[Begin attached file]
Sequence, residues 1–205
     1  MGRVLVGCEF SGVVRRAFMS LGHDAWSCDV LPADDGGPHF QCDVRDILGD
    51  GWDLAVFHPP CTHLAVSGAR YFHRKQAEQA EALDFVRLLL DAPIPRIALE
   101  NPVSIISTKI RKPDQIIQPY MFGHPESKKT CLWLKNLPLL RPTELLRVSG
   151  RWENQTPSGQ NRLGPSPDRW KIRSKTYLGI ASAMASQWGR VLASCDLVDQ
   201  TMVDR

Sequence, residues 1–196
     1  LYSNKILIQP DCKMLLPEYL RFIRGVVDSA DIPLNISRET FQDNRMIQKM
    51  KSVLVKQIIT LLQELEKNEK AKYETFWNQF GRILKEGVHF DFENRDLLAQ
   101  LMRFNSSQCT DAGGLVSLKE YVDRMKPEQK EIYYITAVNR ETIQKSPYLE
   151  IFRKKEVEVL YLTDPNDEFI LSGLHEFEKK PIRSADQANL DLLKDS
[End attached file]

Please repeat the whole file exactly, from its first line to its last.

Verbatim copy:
Sequence, residues 1–205
     1  MGRVLVGCEF SGVVRRAFMS LGHDAWSCDV LPADDGGPHF QCDVRDILGD
    51  GWDLAVFHPP CTHLAVSGAR YFHRKQAEQA EALDFVRLLL DAPIPRIALE
   101  NPVSIISTKI RKPDQIIQPY MFGHPESKKT CLWLKNLPLL RPTELLRVSG
   151  RWENQTPSGQ NRLGPSPDRW KIRSKTYLGI ASAMASQWGR VLASCDLVDQ
   201  TMVDR

Sequence, residues 1–196
     1  LYSNKILIQP DCKMLLPEYL RFIRGVVDSA DIPLNISRET FQDNRMIQKM
    51  KSVLVKQIIT LLQELEKNEK AKYETFWNQF GRILKEGVHF DFENRDLLAQ
   101  LMRFNSSQCT DAGGLVSLKE YVDRMKPEQK EIYYITAVNR ETIQKSPYLE
   151  IFRKKEVEVL YLTDPNDEFI LSGLHEFEKK PIRSADQANL DLLKDS